A guest speaker speaking in front of a class of WSU students.

Photo by Ka Vang ’16

Does the word public speaking scare you? Or perhaps the thought of interacting with people whom you aren’t familiar with is scary too? Well, if you’ve answered yes to either of those questions, this blog post will be of great help!

“Communication is, above all, a skill — and very few people know how to communicate effectively, naturally. It takes thoughtfulness and a lot of practice,” says Carl Alasko, PhD, a California-based psychotherapist.

Personally, when I get nervous for speeches or presentations that I have to do, I have to remind myself that nervousness is an emotion that means that I am an actual human being. So, what helps me is that if I’m nervous, I try to use that energy to be more relatable to the audience. Maybe this means to crack a joke in the beginning of my presentation? Moral of the story: do it afraid.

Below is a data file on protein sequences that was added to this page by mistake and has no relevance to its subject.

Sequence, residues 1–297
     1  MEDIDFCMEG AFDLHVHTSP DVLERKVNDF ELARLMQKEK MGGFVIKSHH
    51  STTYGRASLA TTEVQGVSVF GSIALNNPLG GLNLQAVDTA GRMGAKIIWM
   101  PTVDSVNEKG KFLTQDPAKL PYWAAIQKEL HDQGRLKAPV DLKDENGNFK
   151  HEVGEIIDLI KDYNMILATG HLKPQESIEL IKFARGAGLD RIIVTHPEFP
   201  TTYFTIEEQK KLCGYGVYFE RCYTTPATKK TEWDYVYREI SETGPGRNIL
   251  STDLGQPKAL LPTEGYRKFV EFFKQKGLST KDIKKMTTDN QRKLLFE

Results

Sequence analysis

You’re never going to be an effective communicator every single time you talk to people. People change and adapt and so does language. Practice makes perfect! My best advice is to know your topic, your key points and a few questions to ask beforehand, and run through what you need to say so that way you’re more comfortable beforehand. Extemporaneous presentations are almost always better than presentations that are memorized – they sound less scripted and more natural!

Finally, set yourself up where you can receive constructive feedback. This is a step that most people in all organizations and career fields lack in. Being transparent and having a desire to improve will set you apart in the long run! Perhaps if you’re giving a presentation in class, have a few of your classmates write things you could improve on and things you did well down so you can read them later!

Overall, communication is a skill that constantly needs to be improved. No one is ever going to be a master communicator (well, maybe I’m just exaggerating, but I hope you see where I’m going with this). Being an effective communicator also means that you’re constantly learning and reflecting from your own mistakes and the mistakes of people around you.

Now, go forth and do your best in all your future presentations!